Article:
The optional sensor harness 138 b may be implemented in designs that include the audio indicator 152 and/or mount the display 144 away from the housing 102. The audio indicator 152 may be mounted on a top side of the neck 452. An optional display 144 a may be mounted on the top side of the neck 452 adjacent the audio indicator 152. In one embodiment, a display 144 b may be mounted in the base 450. In another embodiment, a display 144 c may be mounted on a top surface of the faucet arm 180 d (see FIG. 4). In general, the display may be located anywhere along the faucet from the housing 102 all the way along the path of the faucet reaching all the way to the base which may swivel. The temperature sensor may be located anywhere in the faucet attached or separate to the temperature display by interconnecting wiring or other means in the water proof canal that is used throughout.

The various components of the electronic circuit 140 illustrated above may be packaged together for simple attachment to a water source or mounted apart from each other integral to a pipe, faucet, shower head, hose and/or base. For example, the display 144 and the power source 122 may be manufactured as a single unit, such as in the apparatus 100 (FIG. 1) or as multiple units, such as in the apparatus 100 j (FIG. 15). In another example, the storage cell (e.g., battery) may be mounted in a first location suitable for easy access while the display 144 and visual indicators 150 are mounted in a second location (remote from the first location) suitable for good viewing by the user. The various components may also be mounted in an orientation (e.g., horizontally or vertically) to meet the criteria of a particular design application. Housings that are to be coupled to pipes, shower heads, faucets or the like, may include additional attachment support. For example, one or more hose clamps may be provided to secure the housing to a water fixture.

The present invention may provide an ultimate expression of independent reaction from its own power. The invention may be manufactured as individual units for home and/or businesses that are in place. The design features of the present invention, all related by the fact that all are able to be completely independent as noted above, each individual and separate unit may be able to be adjusted to fit and function in place where the plumbing is already in existence. Designs may be manufactured by companies that may introduce all of the design ingredients of the present invention in a single housing form. All designs may be interactive with and may include functional abilities on their own. The embodiments right along side the faucet fixture itself whatever applies to one design aspect applies to all in this design feature layout of the invention is the feature of being integrated into a specific design or an individual design.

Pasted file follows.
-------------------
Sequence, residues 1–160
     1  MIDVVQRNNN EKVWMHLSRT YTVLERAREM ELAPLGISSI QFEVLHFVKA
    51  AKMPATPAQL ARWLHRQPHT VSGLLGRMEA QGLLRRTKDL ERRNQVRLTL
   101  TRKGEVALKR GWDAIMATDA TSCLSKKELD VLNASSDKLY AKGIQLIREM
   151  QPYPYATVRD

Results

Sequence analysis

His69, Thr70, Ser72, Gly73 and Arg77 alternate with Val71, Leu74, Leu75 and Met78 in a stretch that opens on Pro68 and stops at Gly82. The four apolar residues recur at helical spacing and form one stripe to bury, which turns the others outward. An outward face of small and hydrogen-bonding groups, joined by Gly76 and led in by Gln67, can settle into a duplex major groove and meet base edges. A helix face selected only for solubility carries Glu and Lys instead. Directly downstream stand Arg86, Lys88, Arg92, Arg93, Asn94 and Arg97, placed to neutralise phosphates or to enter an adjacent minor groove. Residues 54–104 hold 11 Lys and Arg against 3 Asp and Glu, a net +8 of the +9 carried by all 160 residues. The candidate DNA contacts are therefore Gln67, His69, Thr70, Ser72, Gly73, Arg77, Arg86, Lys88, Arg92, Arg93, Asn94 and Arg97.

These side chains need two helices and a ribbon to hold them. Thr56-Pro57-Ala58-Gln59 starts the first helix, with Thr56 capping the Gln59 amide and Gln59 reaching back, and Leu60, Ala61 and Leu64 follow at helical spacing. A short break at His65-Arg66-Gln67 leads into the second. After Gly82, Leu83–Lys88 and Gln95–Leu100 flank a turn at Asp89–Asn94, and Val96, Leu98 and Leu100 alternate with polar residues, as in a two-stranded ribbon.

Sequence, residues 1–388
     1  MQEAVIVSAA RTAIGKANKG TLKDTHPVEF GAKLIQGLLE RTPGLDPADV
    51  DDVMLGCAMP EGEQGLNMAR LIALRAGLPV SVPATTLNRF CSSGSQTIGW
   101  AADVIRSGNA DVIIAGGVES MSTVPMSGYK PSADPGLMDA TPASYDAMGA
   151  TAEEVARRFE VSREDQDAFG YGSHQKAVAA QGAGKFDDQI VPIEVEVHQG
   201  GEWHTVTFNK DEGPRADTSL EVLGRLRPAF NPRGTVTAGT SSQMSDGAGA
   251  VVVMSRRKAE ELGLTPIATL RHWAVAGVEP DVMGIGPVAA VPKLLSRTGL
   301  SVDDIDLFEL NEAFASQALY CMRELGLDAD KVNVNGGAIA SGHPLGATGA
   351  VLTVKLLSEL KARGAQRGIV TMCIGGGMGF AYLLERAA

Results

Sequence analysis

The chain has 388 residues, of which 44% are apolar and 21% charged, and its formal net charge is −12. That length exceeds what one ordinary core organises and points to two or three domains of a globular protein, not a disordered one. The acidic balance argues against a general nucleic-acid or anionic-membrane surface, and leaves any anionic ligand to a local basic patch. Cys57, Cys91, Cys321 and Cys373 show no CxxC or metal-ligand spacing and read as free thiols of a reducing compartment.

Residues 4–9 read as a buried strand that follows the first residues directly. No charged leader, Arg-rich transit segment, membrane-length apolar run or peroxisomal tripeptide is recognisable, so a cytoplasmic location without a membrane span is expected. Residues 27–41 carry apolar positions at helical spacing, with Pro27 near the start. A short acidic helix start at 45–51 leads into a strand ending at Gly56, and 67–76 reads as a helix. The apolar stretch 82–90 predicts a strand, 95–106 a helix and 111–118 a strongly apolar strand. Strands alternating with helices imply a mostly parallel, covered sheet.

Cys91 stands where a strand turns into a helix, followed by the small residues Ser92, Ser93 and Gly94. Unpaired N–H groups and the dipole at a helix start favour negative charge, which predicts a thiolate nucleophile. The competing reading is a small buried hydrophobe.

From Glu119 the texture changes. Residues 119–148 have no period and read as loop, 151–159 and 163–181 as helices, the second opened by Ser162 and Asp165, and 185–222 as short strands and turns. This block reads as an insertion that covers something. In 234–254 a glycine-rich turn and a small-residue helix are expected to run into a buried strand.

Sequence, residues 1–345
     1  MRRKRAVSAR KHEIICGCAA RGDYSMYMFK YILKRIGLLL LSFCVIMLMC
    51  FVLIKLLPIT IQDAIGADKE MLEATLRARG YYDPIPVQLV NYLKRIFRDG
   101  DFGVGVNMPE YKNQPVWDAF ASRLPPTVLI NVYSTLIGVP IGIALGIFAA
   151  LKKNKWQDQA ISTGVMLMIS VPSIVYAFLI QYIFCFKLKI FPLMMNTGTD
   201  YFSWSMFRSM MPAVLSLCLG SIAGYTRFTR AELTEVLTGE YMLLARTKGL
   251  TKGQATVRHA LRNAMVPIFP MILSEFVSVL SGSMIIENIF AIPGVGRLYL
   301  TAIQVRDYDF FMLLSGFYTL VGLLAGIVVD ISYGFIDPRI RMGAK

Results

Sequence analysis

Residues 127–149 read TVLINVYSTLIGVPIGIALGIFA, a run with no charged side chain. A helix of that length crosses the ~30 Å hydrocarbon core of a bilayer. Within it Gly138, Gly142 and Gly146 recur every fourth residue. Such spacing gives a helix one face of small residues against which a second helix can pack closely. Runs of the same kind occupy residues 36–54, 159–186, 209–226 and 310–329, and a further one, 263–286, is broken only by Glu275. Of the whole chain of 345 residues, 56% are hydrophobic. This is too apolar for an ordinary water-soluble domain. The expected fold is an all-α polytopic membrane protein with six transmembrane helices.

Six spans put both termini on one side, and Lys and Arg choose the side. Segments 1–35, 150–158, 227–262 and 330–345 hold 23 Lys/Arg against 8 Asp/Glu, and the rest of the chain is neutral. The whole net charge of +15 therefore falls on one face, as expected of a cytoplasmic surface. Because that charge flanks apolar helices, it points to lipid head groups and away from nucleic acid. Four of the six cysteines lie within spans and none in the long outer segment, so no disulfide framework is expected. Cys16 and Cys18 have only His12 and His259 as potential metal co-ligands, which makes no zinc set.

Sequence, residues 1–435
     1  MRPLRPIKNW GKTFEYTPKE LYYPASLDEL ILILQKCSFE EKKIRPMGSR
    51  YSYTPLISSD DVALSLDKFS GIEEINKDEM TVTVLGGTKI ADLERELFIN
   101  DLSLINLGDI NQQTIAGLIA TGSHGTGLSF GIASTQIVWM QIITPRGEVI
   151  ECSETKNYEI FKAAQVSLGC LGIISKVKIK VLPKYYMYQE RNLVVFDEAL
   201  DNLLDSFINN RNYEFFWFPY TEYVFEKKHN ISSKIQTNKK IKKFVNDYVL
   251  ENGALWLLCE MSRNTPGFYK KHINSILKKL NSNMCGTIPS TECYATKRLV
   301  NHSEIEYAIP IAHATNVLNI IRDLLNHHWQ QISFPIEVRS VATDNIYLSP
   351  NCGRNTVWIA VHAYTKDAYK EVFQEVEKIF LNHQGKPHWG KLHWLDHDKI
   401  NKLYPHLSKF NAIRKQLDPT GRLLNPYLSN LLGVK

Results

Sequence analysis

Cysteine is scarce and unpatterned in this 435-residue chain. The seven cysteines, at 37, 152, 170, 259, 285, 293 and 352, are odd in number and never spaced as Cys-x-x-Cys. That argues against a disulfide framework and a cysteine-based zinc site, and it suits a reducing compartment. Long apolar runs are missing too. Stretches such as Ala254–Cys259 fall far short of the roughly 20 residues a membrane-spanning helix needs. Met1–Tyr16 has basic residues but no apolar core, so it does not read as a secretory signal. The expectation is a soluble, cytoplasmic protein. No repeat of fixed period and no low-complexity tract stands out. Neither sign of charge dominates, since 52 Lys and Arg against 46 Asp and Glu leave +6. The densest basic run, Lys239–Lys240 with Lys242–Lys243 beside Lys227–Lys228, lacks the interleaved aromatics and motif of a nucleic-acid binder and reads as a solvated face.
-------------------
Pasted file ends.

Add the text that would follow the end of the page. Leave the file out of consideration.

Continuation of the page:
While the invention has been particularly shown and described with reference to the preferred embodiments thereof, it will be understood by those skilled in the art that various changes in form and details may be made without departing from the spirit and scope of the invention.

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Referenced by
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US8316883 *Mar 9, 2010Nov 27, 2012Craig WatsonWater faucet temperature gauge and display
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Classifications
U.S. Classification374/147, 374/208, 374/163, 374/E01.018, 116/216, 374/141, 374/143
International ClassificationG01K1/16
Cooperative ClassificationG01K1/14, G01K2207/00, G01K2215/00
European ClassificationG01K1/14